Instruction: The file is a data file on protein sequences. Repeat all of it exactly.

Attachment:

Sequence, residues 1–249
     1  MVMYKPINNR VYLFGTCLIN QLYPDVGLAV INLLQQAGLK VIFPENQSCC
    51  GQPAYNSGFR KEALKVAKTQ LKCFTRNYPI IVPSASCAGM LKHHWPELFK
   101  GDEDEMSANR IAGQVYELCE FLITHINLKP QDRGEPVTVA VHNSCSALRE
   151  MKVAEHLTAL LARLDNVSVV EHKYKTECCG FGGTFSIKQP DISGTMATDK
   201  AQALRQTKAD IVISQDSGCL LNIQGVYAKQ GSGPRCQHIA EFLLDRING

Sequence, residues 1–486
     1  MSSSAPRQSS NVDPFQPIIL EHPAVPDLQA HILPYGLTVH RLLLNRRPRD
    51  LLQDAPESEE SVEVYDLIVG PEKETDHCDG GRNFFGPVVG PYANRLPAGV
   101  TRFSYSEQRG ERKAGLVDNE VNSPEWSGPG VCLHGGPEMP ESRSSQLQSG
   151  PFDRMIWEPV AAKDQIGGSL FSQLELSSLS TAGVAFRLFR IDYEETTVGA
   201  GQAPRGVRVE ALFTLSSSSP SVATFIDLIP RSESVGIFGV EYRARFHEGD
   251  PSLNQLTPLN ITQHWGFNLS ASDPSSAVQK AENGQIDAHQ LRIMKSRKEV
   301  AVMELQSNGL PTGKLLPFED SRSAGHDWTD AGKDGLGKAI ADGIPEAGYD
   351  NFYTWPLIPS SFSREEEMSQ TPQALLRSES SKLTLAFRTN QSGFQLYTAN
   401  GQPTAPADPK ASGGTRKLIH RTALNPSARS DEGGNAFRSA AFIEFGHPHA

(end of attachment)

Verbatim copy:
Sequence, residues 1–249
     1  MVMYKPINNR VYLFGTCLIN QLYPDVGLAV INLLQQAGLK VIFPENQSCC
    51  GQPAYNSGFR KEALKVAKTQ LKCFTRNYPI IVPSASCAGM LKHHWPELFK
   101  GDEDEMSANR IAGQVYELCE FLITHINLKP QDRGEPVTVA VHNSCSALRE
   151  MKVAEHLTAL LARLDNVSVV EHKYKTECCG FGGTFSIKQP DISGTMATDK
   201  AQALRQTKAD IVISQDSGCL LNIQGVYAKQ GSGPRCQHIA EFLLDRING

Sequence, residues 1–486
     1  MSSSAPRQSS NVDPFQPIIL EHPAVPDLQA HILPYGLTVH RLLLNRRPRD
    51  LLQDAPESEE SVEVYDLIVG PEKETDHCDG GRNFFGPVVG PYANRLPAGV
   101  TRFSYSEQRG ERKAGLVDNE VNSPEWSGPG VCLHGGPEMP ESRSSQLQSG
   151  PFDRMIWEPV AAKDQIGGSL FSQLELSSLS TAGVAFRLFR IDYEETTVGA
   201  GQAPRGVRVE ALFTLSSSSP SVATFIDLIP RSESVGIFGV EYRARFHEGD
   251  PSLNQLTPLN ITQHWGFNLS ASDPSSAVQK AENGQIDAHQ LRIMKSRKEV
   301  AVMELQSNGL PTGKLLPFED SRSAGHDWTD AGKDGLGKAI ADGIPEAGYD
   351  NFYTWPLIPS SFSREEEMSQ TPQALLRSES SKLTLAFRTN QSGFQLYTAN
   401  GQPTAPADPK ASGGTRKLIH RTALNPSARS DEGGNAFRSA AFIEFGHPHA